Japan agrees to provide planes, ships for Philippines, strengthen cooperation over South China Sea dispute

The Japanese destroyers JS Yugiri (left) and JS Yudachi are seen docked in Manila South Harbour during a goodwill visit on Aug 31, 2016.
The Japanese destroyers JS Yugiri (left) and JS Yudachi are seen docked in Manila South Harbour during a goodwill visit on Aug 31, 2016. PHOTO: EPA

VIENTIANE (Reuters) - Japanese Prime Minister Shinzo Abe on Tuesday (Sept 6) agreed to provide two large-sized patrol ships and lend up to five used surveillance aircraft to the Philippines, a Japanese government spokesman said, with both countries locked in territorial disputes with China.

Mr Abe and Philippine President Rodrigo Duterte agreed in Vientiane to strengthen cooperation to ensure a peaceful resolution of the South China Sea dispute, Japanese Deputy Chief Cabinet Secretary Koichi Hagiuda said.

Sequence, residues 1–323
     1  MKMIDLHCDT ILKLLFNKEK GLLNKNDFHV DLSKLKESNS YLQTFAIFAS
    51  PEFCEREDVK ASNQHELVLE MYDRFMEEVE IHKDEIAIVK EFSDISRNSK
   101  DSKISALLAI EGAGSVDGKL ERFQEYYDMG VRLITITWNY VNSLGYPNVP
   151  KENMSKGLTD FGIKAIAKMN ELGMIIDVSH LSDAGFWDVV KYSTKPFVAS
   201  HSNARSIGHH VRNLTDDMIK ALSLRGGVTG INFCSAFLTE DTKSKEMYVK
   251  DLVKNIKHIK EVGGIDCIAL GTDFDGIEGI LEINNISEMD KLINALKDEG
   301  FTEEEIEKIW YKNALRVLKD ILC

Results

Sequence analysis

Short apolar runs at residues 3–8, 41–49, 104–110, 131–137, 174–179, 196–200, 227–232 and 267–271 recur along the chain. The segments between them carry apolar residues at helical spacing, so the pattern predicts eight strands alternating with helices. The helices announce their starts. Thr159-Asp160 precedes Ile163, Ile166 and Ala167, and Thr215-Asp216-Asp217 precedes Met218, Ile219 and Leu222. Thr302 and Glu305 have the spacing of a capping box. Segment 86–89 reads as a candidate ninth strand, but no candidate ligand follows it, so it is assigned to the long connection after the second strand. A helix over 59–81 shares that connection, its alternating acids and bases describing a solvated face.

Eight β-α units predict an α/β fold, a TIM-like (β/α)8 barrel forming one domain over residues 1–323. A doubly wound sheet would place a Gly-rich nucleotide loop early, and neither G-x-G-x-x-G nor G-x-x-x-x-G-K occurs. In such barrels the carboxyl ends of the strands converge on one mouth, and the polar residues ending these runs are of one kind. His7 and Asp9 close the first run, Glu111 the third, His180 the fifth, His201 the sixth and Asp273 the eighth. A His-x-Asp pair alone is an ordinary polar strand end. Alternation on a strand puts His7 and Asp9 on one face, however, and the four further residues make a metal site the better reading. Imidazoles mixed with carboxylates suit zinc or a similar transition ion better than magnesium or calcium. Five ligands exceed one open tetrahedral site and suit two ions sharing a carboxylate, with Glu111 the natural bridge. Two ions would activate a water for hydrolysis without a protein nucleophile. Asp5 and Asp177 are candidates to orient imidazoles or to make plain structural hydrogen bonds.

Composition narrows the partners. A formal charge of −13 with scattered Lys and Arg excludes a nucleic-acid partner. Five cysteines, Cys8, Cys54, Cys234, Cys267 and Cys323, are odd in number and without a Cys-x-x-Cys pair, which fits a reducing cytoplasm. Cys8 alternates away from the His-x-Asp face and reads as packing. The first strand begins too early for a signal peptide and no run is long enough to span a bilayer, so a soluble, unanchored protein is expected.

China claims most of the South China Sea, through which more than US$5 trillion (S$6.8 trillion) of trade moves annually. Brunei, Malaysia, the Philippines, Taiwan and Vietnam have rival claims.

An arbitration court in The Hague in July invalidated China's claims to the waterway after a case was brought by the Philippines, a ruling that Beijing refuses to recognise.

Japan's ties with China has been marred by a long-running territorial spat over a group of small islets in the East China Sea.

Japan has already agreed to provide 10 smaller-sized patrol ships to the Philippines.